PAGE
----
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Husband I'm separating from's obsession with money.

(83 Posts)
Doughnut123 Thu 10-Oct-13 13:58:02

I am separated from my husband, but we still live together at the moment. We are separating after 15 years of marriage and 3 children.
Our relationship has been in trouble for years, but now I've had enough and we are separated . He agrees that we cannot go on like this. We've had counselling, but there are fundamental differences in how we want to live/see life, that cannot be resolved.
We still get on as friends, and, at the moment, everything is amicable.
However, my husband saw a solicitor a couple of weeks ago and one thing he said about the meeting haunts me. He said that he had been advised that I would only have a claim on his pension if we divorce.
'But we are going to divorce,' I said.
I could sense that he was anxious about this, but he said no more.
What gets me , is that it all seems to come down to money with him, in the end. He told me that he still loved me when I pushed for the separation. How can someone supposedly in love with their wife, be more concerned about her getting her hands on any of his pension, than the fact that she's leaving him?
He is a very high earner and puts a huge amount into pension funds. We don't have a joint account, partly because I wanted to retain my independence with my current account. But, He told me how much he earns recently and I was shocked. It was really when my solicitor broke it down so that I could see how much he earns per month, that it hit me.
He is a penny pincher. He's not mean with the bigger expenses so much, it's the small stuff, day to day,that gets me, like refusing the children a bag of sweets each at the cinema, because he thought they were too pricey. There's a general angst about money.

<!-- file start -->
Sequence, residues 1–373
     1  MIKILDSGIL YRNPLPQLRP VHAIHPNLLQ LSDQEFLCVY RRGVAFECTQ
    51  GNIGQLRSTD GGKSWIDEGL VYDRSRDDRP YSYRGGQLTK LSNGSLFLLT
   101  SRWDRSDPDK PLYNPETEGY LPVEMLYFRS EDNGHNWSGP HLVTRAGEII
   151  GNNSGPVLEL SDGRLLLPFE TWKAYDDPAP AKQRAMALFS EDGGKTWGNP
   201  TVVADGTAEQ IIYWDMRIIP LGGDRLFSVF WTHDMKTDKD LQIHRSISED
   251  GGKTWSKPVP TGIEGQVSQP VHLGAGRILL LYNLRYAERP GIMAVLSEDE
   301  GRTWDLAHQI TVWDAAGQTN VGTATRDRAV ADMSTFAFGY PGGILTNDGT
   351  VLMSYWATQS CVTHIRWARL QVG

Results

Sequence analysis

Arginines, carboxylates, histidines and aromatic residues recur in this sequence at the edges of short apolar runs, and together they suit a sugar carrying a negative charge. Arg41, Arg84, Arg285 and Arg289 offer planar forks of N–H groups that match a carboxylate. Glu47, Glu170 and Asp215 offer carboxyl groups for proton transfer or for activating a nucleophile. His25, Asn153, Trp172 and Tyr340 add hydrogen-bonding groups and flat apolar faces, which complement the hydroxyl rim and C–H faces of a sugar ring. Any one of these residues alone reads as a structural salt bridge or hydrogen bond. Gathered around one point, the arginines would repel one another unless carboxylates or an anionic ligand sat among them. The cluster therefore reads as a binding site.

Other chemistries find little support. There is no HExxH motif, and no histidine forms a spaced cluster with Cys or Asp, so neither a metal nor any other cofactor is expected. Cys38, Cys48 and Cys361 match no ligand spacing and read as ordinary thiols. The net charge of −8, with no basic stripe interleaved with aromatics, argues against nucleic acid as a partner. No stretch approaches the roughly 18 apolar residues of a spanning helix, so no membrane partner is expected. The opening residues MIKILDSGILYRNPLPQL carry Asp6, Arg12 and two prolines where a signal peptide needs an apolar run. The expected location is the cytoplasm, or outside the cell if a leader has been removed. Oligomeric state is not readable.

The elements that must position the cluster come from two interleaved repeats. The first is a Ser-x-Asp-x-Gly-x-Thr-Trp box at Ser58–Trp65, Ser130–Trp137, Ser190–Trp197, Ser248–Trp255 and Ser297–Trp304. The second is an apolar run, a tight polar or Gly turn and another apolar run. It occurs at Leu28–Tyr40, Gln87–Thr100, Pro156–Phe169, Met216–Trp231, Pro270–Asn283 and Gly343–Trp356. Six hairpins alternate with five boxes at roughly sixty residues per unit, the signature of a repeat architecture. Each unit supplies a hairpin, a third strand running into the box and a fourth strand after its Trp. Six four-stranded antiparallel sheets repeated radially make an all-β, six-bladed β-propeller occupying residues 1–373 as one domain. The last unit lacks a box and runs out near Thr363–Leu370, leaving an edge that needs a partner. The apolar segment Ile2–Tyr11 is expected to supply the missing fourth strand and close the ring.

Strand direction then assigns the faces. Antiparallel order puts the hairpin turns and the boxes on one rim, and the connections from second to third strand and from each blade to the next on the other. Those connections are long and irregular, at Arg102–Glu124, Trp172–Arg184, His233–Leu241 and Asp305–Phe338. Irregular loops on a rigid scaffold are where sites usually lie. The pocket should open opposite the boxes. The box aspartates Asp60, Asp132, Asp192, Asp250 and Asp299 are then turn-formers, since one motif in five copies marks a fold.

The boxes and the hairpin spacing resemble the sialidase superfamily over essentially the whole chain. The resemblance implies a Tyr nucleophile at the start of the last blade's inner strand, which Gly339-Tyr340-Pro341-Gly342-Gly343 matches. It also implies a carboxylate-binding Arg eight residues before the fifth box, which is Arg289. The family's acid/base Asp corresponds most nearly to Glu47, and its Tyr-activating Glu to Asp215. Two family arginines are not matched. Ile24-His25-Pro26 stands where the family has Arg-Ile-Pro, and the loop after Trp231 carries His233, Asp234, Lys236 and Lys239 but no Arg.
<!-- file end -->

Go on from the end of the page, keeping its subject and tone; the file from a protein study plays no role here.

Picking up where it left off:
He is very careful, and squirrels a lot away, in shares and savings, which , I know, is admirable. But, I feel that he's so wrapped up in money( his job is too- he works for an insurance broker!) that he misses out on living and enjoying it too much. There's no spontaneity. There is a protocol to be followed if we get any work done on the house. We HAVE to have 3 quotes before we decide who to go with!
I feel stifled. I'm not at all a spend thrift and love the simple things in life.
I live more in the moment and he plans meticulously.It also feels quite controlling. He pays me £400 per month, but I have a joint credit card that I get food shopping, clothes for the children, with. I don't know how much is in his account, but now I know how much he gets per month I feel angry. He frequently says that we need to ' watch the money ,' so I get worried about it.
I know that I am in a very fortunate position and I know and have worked with a lot of very poverty stricken people.
But, I think this also highlights for me his preoccupation with money, because it is unjustified.
He's never been poor, his family are middle class and his dad is a real miser. As a result, of course, they have a lot of money.
It is the end of our relationship and I can see he is heading the same way as his dad, so I have to get out.
Surely, a man who really still loved his wife, would give up all his worldly goods, if he could still have her love?It just seems, sadly, that this is what a relationship can amount to, in the end. I would love to hear your thoughts.

Sahmof3 Thu 10-Oct-13 22:10:38

Doughnut123, you sound like a lovely person and I hope that my earlier post didn't sound a little harsh, it certainly wasn't meant to. Your husband abandoning you in your hour of need is unforgivable and you shouldn't have to live with bloody slugs coming up through the floorboards. Given the huge amount he earns, he does sound like a bloody miser. I'd certainly think my husband was tight if he didn't buy my kids sweets in the cinema if he was earning that amount.

HomicidalPsychoJungleCat Thu 10-Oct-13 23:00:36

The way you describe things financially seems a lot like our house, except I'm the one who deals with finances here. (Though dhearns most of the money) this is because he is and always has been disorganised with money, disinterested in financial planning and happy for me to deal with things. He does have full access to his bank account, that his salary goes into and I just ask him to shift bits when needed.